The retention strategies you relied on through most of your career probably aren’t cutting it today. Higher salaries and generous benefits are no longer differentiators—they’re table stakes. It’s time to shake up our old ideas about retention and reset our strategies for today and for the future of work.
The market is flooded with job openings. During 2021, the number of open job postings in the U.S. rose by 33%. Meanwhile, unemployment rates are at their lowest since February 2020, having dropped to 3.9% last month.
In this time of high competition for talent, how can HR and business leaders refresh their retention strategies to fit the new normal?
Here are 4 retention strategies you can’t afford to ignore:
1. Use interim talent to relieve burnout now (as in, yesterday).
There is only so much you can do to speed up your recruitment machine. And the promise of future additional staff doesn’t do much to alleviate the stress of your overtaxed workforce today. As we mentioned in “How to Improve Company Culture,” 40% of employees feel burned out, drained, or exhausted from work, 30% of employees say they’re struggling to get necessary work done, and 27% feel less loyal to their organization. The longer roles remain open and team members are asked to carry additional workload, the worse it will get.
Interim talent can provide immediate relief to your team. At Inspire, we’re proud to be able to parachute in fast, at the moment we’re needed, integrate into the team, and drive productivity immediately. Our colleagues at Early Growth Financial Services are just as effective with financial needs, the Martellus Group are pros in marketing, and the interim model is growing in popularity across every industry.
Filling gaps to alleviate stress for your employees does not have to rely on immediately finding the perfect candidate for the full-time role. Interim talent can be the stop gap you and your team need today.
2. Preserve flexibility.
There is a major disconnect between leaders and employees around the vision of the future workplace. Nine out of ten employees want flexibility for when and where they work, while 35% of employers want a full post-pandemic return to office.
Flexibility is a major motivator among people looking for new jobs. Catalyst President and CEO Lorraine Hariton shared that more employed Americans who intend to make a career change are doing so to seek flexible or remote work, than for more traditional reasons like to acquire a pay raise or to change industries.
Committing to some flexibility is important to keep your best talent. But, your plans for ongoing flexibility are only a retention tool if your team knows about them. EY finds that 79% of employers are planning to make “moderate to extensive changes” to allow more hybrid working, but just 40% have communicated these plans to their team.
Communicate clearly and often. Let your employees know that you are listening to their need for flexibility and that their voice is helping to shape current and future policies.
3. Incorporate financial wellness.
We’ve seen an encouraging shift in employee wellness initiatives over the last few years, as more companies are addressing mental health needs. Now, it’s time to incorporate financial wellness, too. Don’t forget that many of your employees may still be recovering from economic hits caused by a spouse losing their job or experiencing a long furlough, rising housing costs, and overall inflation.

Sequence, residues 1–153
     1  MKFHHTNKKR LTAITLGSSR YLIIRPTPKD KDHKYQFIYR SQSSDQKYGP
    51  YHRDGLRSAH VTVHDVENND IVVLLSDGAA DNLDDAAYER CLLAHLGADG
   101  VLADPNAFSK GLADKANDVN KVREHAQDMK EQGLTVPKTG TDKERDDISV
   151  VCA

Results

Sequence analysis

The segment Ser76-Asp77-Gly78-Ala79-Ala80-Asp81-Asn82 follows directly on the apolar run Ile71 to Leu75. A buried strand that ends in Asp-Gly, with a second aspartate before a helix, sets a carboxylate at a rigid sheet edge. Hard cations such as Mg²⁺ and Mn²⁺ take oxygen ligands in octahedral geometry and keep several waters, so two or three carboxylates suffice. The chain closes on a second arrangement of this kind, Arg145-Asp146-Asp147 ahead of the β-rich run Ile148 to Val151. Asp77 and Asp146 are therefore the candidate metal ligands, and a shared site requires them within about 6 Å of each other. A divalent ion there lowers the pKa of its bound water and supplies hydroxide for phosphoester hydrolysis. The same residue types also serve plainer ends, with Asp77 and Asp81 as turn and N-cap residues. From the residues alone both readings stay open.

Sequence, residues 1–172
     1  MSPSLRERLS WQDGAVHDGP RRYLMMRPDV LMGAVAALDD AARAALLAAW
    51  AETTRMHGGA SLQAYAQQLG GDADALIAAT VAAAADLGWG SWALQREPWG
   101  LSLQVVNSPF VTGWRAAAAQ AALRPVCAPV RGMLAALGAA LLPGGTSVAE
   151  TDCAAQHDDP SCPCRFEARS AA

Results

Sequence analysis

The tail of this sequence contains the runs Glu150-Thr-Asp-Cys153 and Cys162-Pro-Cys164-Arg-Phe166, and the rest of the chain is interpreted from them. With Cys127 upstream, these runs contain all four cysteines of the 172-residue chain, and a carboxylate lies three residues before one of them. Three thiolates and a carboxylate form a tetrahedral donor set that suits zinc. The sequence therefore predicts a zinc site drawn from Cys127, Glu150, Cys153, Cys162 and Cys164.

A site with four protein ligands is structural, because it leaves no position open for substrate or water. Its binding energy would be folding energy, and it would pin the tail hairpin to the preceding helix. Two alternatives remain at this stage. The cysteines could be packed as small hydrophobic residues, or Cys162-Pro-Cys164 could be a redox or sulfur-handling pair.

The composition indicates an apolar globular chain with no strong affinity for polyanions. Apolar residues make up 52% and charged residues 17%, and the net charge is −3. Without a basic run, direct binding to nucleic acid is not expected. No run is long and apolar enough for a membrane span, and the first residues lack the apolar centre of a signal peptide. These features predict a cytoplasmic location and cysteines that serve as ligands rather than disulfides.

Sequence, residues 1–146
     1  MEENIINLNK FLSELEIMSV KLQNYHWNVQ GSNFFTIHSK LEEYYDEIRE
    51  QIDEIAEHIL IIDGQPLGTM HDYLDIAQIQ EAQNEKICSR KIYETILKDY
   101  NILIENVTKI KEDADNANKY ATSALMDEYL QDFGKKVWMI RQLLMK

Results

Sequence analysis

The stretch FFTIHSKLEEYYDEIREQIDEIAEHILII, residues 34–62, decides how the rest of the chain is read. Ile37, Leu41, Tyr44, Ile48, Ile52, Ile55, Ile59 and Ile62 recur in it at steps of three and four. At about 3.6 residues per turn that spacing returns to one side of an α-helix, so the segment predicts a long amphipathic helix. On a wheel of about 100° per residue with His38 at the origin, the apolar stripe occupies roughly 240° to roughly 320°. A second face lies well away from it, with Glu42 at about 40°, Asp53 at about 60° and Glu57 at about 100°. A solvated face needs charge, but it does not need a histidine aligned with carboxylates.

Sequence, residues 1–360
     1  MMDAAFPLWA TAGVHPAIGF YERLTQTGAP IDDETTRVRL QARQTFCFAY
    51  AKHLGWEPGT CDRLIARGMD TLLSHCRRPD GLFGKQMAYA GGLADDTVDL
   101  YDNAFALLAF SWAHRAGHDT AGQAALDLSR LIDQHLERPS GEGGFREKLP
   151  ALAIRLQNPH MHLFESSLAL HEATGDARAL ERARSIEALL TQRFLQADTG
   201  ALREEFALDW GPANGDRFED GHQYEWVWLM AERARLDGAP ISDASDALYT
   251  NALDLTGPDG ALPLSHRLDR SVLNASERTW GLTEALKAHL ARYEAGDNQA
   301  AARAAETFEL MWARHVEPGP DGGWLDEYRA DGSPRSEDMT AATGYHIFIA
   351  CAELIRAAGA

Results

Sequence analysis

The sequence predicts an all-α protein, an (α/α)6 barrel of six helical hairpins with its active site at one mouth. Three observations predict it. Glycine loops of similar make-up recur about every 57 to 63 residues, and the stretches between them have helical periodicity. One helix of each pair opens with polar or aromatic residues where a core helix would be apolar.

SHRM found that 31% of working Americans are experiencing finance-related anxiety. Among women, the number jumps to 40%, compared to 23% of men. And more than half of employees say they want help from their employers, with benefits like financial coaching, student loan assistance, financial planning, and more.
A broader view of wellness directly affects your retention and recruitment efforts. In a 2021 PwC study, 72% of people who report additional financial stress because of the pandemic say they sought companies that “cared more about their financial well-being.”
Don’t wait to hear that your talented millennial left your company for a job that includes help with their student loans. Seek out these opportunities before your talent leaves.
At Inspire, we counsel clients to regularly conduct stay interviews, where you meet with your employees to identify growth opportunities as well as concerns before the employee leaves in pursuit of a solution outside of the company. Stay interviews will help you uncover needs for financial wellness and other retention boosters.
4. Offer paid family leave.
Fewer than one-quarter of workers in the U.S. have access to paid family leave. The lack of paid family leave for more than 75% of employees poses more than a 6-week challenge for companies, too. It’s a long-term retention issue, considering that among women without paid time off for parental leave, 30% leave the workforce within the first year of becoming a parent.
The March of Dimes Center for Social Science Research offers good news for companies that do offer paid family leave, though. They studied states that implemented paid family leave and found a 20% reduction in the number of female employees leaving their jobs in the first year after giving birth, and a 50% reduction after five years.
At Inspire, we have been called upon to fill roles for new parents taking extended family leaves—anywhere from several months to close to one year. Our presence during that time not only keeps productivity high while new parents fully step away from work, it also affords the person on leave a transition (rather than a jolt) back into their position.
Companies can set themselves apart by offering employees both the time and pay for family leave as well as the assurance that their role is being maintained for them while they are away.